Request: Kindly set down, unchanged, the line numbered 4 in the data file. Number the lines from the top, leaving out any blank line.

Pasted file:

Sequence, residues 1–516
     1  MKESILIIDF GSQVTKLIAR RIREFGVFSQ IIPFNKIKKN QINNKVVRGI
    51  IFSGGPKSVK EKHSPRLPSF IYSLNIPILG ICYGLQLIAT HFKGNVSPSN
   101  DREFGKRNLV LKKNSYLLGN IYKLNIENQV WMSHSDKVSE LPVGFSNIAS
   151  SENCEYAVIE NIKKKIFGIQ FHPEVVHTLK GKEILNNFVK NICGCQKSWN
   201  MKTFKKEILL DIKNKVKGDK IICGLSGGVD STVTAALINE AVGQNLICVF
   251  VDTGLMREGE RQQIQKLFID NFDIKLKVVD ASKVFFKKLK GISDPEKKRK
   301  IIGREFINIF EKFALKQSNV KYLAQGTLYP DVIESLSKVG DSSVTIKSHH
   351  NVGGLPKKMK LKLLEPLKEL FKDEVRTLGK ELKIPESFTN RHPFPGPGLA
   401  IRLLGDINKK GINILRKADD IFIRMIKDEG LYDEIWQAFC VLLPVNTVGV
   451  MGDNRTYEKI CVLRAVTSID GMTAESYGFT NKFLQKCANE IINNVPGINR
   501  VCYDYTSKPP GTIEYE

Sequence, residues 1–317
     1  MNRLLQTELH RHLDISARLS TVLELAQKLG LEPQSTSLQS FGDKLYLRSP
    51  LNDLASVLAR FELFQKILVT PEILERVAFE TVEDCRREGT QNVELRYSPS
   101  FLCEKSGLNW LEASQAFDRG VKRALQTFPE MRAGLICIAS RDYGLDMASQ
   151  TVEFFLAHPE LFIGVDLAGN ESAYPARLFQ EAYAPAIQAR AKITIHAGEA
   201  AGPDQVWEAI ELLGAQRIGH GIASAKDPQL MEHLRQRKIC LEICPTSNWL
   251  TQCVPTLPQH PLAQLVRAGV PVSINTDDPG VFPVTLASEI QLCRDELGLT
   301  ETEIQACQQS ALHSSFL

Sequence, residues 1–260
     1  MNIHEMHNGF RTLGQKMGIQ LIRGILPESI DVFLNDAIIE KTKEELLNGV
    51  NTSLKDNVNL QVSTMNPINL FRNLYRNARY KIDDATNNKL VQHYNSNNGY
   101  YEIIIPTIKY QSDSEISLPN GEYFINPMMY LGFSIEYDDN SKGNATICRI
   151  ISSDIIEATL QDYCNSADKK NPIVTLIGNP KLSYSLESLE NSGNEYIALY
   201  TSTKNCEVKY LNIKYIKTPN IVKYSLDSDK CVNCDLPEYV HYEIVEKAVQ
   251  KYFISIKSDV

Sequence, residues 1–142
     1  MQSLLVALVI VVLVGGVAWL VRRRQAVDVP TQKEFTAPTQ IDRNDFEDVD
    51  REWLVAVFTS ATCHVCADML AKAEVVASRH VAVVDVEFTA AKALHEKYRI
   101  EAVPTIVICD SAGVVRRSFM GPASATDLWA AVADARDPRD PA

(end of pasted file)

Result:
   101  DREFGKRNLV LKKNSYLLGN IYKLNIENQV WMSHSDKVSE LPVGFSNIAS